(ORDO NEWS) — Methane spike recorded in 2020 despite global lockdown, scientists baffled by biggest jump since counting began 4 decades ago
The puzzling rise in atmospheric methane levels in 2020 could be partly explained by the decline in nitric oxide emissions in the early stages of the covid-19 pandemic.
Methane, a powerful greenhouse gas, is responsible for one-fifth of human-related atmospheric warming.
It can be emitted during the extraction and transportation of coal, natural gas and oil, as well as from biological sources such as livestock.
Atmospheric methane levels have been on the rise since 2007, but in 2020 it made its biggest annual jump since records began in 1983.
This rise is puzzling as fossil fuel use has declined in 2020 due to the slowdown in human activity caused by the covid-19 pandemic.
The International Energy Agency (IEA) reported that the fossil fuel sector released less methane into the atmosphere that year than in 2019.
To figure out where the gas came from, Shushi Peng of Peking University in Beijing, China, and colleagues analyzed greenhouse gas inventories that countries submitted to the UN in 2020.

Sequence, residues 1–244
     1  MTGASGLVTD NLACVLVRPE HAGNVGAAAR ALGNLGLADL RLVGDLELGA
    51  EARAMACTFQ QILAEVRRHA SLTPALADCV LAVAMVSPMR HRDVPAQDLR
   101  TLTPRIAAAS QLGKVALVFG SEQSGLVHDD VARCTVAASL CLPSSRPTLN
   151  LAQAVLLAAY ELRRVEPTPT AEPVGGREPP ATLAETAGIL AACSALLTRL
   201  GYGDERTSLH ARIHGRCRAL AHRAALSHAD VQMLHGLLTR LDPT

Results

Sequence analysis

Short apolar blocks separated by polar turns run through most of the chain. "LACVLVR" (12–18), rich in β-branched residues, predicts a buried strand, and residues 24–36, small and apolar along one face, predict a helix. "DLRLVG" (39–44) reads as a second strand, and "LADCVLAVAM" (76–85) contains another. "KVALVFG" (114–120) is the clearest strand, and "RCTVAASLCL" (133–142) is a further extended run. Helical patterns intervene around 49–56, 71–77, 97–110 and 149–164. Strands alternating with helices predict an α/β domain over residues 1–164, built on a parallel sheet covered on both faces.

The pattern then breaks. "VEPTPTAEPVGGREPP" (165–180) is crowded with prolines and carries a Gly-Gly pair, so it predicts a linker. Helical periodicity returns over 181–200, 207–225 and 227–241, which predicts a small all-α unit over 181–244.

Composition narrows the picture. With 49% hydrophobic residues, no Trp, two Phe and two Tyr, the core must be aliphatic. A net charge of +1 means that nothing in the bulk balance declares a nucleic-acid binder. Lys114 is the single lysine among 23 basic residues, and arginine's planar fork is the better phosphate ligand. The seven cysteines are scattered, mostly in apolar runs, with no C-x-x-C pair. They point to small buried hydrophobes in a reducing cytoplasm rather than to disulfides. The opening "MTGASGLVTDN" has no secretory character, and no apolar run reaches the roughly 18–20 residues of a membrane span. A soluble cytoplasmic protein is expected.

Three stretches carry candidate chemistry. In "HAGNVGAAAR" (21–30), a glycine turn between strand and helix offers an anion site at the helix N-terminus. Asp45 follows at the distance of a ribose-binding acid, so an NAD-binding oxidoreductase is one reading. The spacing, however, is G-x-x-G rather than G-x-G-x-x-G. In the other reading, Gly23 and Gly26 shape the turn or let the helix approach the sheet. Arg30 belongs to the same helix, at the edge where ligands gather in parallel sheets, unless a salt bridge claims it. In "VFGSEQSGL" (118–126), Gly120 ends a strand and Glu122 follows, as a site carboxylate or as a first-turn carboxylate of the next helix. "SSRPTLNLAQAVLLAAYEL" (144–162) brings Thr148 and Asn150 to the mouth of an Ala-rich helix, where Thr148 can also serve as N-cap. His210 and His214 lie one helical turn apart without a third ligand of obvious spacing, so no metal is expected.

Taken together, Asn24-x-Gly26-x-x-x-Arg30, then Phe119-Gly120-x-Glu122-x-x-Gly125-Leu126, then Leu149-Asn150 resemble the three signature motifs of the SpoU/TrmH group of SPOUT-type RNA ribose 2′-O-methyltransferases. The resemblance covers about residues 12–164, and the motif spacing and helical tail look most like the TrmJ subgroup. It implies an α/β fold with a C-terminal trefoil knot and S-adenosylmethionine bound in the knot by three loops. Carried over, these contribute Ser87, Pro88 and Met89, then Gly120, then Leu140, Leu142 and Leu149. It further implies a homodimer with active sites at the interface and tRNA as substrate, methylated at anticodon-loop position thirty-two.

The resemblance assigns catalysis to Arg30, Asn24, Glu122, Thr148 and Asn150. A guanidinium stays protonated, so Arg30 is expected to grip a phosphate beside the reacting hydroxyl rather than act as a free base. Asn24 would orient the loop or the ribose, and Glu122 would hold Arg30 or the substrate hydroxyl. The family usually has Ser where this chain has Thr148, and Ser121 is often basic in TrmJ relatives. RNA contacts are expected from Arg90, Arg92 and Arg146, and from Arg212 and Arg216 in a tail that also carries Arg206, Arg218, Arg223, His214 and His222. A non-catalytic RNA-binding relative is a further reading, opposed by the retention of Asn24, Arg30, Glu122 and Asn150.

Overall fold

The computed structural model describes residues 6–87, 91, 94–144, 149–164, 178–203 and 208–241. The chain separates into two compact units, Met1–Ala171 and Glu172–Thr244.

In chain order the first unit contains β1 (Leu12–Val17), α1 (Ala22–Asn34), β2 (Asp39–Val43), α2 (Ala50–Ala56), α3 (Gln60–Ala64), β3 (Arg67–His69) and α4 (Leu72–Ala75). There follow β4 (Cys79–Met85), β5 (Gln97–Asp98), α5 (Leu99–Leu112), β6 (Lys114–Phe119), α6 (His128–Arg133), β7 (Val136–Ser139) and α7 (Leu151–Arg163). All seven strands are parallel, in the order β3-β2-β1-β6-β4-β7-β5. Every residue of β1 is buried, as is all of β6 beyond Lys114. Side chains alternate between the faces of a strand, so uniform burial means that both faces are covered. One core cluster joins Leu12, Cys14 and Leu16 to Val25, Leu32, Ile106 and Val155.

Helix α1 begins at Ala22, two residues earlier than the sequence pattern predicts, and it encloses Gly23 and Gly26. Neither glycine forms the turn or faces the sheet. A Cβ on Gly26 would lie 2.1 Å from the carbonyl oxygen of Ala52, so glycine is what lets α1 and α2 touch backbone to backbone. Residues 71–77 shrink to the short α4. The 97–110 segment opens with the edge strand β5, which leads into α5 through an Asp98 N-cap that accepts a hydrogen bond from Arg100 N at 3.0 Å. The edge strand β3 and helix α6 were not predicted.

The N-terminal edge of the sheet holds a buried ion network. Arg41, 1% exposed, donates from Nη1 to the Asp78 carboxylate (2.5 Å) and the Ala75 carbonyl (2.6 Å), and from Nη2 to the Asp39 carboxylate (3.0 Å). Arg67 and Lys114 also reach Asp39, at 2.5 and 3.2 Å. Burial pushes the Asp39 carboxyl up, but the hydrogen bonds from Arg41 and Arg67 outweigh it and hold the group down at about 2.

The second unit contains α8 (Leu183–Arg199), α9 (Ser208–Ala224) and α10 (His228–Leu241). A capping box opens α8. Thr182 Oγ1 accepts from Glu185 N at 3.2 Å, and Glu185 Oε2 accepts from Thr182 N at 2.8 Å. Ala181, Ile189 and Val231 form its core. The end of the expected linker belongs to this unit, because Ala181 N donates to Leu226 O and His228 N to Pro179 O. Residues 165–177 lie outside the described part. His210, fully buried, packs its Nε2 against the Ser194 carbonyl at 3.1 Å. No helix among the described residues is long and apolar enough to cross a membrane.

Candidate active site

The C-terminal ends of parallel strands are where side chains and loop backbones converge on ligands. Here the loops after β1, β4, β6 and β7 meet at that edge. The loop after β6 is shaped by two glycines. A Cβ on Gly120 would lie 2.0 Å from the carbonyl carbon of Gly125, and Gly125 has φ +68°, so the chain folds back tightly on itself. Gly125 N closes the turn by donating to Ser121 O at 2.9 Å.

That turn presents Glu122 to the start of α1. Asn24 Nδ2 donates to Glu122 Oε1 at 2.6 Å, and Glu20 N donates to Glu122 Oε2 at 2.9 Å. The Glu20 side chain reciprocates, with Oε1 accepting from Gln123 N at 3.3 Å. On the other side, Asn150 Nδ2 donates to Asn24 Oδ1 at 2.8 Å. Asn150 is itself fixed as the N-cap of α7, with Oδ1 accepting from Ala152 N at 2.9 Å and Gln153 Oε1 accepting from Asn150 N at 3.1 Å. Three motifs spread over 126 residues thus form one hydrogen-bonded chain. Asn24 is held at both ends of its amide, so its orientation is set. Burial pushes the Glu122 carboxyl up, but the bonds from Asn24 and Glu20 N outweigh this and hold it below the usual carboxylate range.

These inventories included data on emissions from agriculture, waste and fossil fuels in each country.
The researchers found that in 2020, global natural gas production was down 3.8 percent and global oil production was down 7.9 percent from the previous year.
Using this information, they calculated that methane emissions from these industries would be reduced by 3.1 million tonnes from the previous year.
The researchers also found that methane emissions from the global waste sector in 2020 were down slightly from the previous year, while emissions from the agricultural industry increased.
This suggests the pandemic hasn’t had as much of an impact on human methane emissions as expected, Peng said.
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